The eminent Czech pianist Rudolf Firkusny, a member of the Juilliard faculty from 1965 to 1994, when he died, would have turned 100 this month. In celebration of that milestone, his children, Igor Firkusny and Veronique Firkusny Callegari, have donated his personal papers to the Juilliard library, which will provide unparalleled access to the legacy of one of the most significant pianists of the 20th century. And at the end of April, a distinguished group of Firkusny’s former pupils will gather in the Czech city of Brno to pay tribute to—and share memories of—him with three days of public concerts, master classes, and lectures. Avner Arad, Eduardus Halim, Robin McCabe, Dora Novak, and Alan Weiss are just a few of Firkusny’s Juilliard pupils who will assemble for the celebration, which is sponsored by Brno’s Janacek Music Academy.
Firkusny was born in a small town near Brno, and soon displayed prodigious musical gifts in both piano and composition. At age 8, he was brought to the attention of native son Leos Janacek, who shared cookies with this soon-to-be beloved student—and before long was being invited to sit in Janacek’s box at the local premieres of the composer’s operas, including The Cunning Little Vixen and Katya Kabanova. With the support of the Czechoslovak president, Tomas Masaryk, Firkusny was sent to Berlin to study piano with Artur Schnabel, and to Paris, where he worked with Alfred Cortot. At the outbreak of World War II, Firkusny fled Czechoslovakia for Paris, and from there, he and a small Czech artists’ community that included composer Bohuslav Martinu and novelist Jiri Mucha escaped to New York City in the fall of 1940. Firkusny became an ardent American citizen and enjoyed a busy international performance career championing the composers of his native land as well as playing solo recitals, concertos, and chamber music with leading artists. A year after Czechoslovakia’s Velvet Revolution, in 1989, Firkusny returned to his homeland as a national hero to play Martinu’s Second Piano Concerto.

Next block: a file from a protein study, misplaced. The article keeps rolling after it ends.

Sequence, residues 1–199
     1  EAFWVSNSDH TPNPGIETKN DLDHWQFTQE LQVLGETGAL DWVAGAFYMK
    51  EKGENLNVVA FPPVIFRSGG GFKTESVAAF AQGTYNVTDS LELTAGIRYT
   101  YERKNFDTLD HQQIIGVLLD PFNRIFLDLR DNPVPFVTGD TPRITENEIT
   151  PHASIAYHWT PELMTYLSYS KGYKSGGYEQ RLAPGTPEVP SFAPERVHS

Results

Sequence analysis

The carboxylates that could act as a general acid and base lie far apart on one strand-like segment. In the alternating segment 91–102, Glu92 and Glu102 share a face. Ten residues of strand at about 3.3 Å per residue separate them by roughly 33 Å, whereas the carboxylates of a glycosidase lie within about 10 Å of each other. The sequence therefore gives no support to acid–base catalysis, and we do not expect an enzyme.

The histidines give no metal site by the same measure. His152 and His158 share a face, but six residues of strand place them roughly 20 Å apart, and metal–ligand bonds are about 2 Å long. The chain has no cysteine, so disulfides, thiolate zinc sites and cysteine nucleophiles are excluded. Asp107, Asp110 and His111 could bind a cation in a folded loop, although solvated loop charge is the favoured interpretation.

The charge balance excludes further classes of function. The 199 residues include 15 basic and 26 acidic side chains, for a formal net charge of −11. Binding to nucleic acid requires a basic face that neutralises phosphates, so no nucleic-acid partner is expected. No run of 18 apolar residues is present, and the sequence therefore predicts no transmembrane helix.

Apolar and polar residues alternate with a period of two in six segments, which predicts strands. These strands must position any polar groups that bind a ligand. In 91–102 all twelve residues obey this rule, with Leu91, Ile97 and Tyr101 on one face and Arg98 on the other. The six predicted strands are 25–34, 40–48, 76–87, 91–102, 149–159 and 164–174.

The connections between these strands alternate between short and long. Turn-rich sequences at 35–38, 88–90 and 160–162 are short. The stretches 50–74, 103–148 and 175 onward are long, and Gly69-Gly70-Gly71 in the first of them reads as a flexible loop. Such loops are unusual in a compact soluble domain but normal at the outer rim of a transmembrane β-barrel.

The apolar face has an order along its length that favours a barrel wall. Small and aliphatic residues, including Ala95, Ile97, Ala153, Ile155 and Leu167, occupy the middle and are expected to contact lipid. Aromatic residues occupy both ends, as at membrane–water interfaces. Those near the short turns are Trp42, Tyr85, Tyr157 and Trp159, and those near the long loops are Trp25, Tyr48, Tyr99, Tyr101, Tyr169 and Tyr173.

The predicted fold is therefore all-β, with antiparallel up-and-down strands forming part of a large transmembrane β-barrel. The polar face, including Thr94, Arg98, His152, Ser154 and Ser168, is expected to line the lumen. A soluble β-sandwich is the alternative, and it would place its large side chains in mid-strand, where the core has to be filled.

I had the great honor to study with Firkusny at Juilliard for five years, and in person he was as modest and affable as he was unruffled and commandingly communicative on stage. The sweet scent of his cherry tobacco pipe and kindliness of his smile greeted me upon entry to Room 557 for my lessons. They’re etched in my memory as are his endless patience and aristocratic demeanor during my lessons. The greatest pleasure of all was to sit at the piano on the right and observe as he demonstrated passages from the music I studied. I always felt like a piano lesson with him was akin to sitting next to Renoir as he showed a student how to handle a paintbrush. And I suspect every one of his pupils felt as blessed as I, to be able to learn from such a sovereign artist.